There currently exists programs for homeless veterans, and these programs exclude everyone else.  There are programs for homeless alcoholics that also exclude everyone else.   Programs for teens, programs for families, programs for the mentally ill - all excluding other types of homeless people.  Because of this there are many homeless people who don't fit into any of these categories and so are unable to receive the kind of help that other homeless people do.

    The entire homeless population is not so large that we cannot afford to help all homeless people regardless of type.   It time to help all homeless people because, after all, they are all people.

    Friday, May 23, 2014

    My New Laptop

    Just thought I'd show you the Macbook Air 11 that I was able to get because of your wonderful generosity.   Thank you, again, so much!  I am currently in the San Diego Central Library, working on new plans for the blog. :)

    Homeless Terms To Know - Permanent Housing

    "Permanent Housing" is another of those phases used in the homelessness industry that isn't exactly what it sounds like.    Although permanency is the goal in getting a homeless person off the streets, the word "housing" betrays other intentions.   "Housing" never means "home".  Housing is always a facility or a program run by some organization.   And whenever a homeless person is living in such a facility or program, they are under additional obligations to the organization besides just paying rent.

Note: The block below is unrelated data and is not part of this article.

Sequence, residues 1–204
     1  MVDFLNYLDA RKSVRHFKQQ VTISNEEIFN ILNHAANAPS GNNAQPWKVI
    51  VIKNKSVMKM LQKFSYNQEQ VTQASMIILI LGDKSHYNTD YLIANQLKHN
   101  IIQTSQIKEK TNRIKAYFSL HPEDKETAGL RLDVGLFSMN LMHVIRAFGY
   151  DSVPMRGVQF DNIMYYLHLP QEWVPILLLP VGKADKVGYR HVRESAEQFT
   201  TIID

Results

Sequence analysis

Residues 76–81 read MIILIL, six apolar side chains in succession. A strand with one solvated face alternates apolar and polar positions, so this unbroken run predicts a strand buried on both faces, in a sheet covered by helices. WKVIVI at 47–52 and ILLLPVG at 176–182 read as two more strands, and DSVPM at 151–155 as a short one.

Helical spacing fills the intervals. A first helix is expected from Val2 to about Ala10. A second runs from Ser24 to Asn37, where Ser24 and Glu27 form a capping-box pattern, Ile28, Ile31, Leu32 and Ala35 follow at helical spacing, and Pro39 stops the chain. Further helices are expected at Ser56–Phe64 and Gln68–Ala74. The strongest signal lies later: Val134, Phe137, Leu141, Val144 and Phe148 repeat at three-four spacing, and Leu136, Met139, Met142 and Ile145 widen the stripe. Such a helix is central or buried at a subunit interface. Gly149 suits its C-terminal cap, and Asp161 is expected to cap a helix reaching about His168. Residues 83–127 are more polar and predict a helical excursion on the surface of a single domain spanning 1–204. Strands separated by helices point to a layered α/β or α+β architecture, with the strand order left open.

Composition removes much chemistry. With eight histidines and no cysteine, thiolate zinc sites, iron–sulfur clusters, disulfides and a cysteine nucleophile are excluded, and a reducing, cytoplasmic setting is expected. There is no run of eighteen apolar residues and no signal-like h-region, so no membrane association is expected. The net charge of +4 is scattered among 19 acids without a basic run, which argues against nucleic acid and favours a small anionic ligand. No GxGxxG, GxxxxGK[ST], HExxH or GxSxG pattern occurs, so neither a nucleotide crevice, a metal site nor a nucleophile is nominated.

For a truly non-homeless person, the only obligation they are under to maintain a home is to pay rent in a timely manner.  But in a "permanent housing" situation, the person not only must pay rent but also meet other requirements as placed on them by the organization.  Failure to meet these other obligations can lead to eviction.  Therefore the "permanent" part is an illusion - so is any sense of real independence.

    The phrase "permanent housing" is language manipulated to make the situation sound better than it really is.  It is a way for the homeless industry to appear as though it has solved homelessness.   Actually it is glorified shelter living made permanent.

    Sometimes, though, when someone says "permanent housing", they are really referring to permanent supportive housing.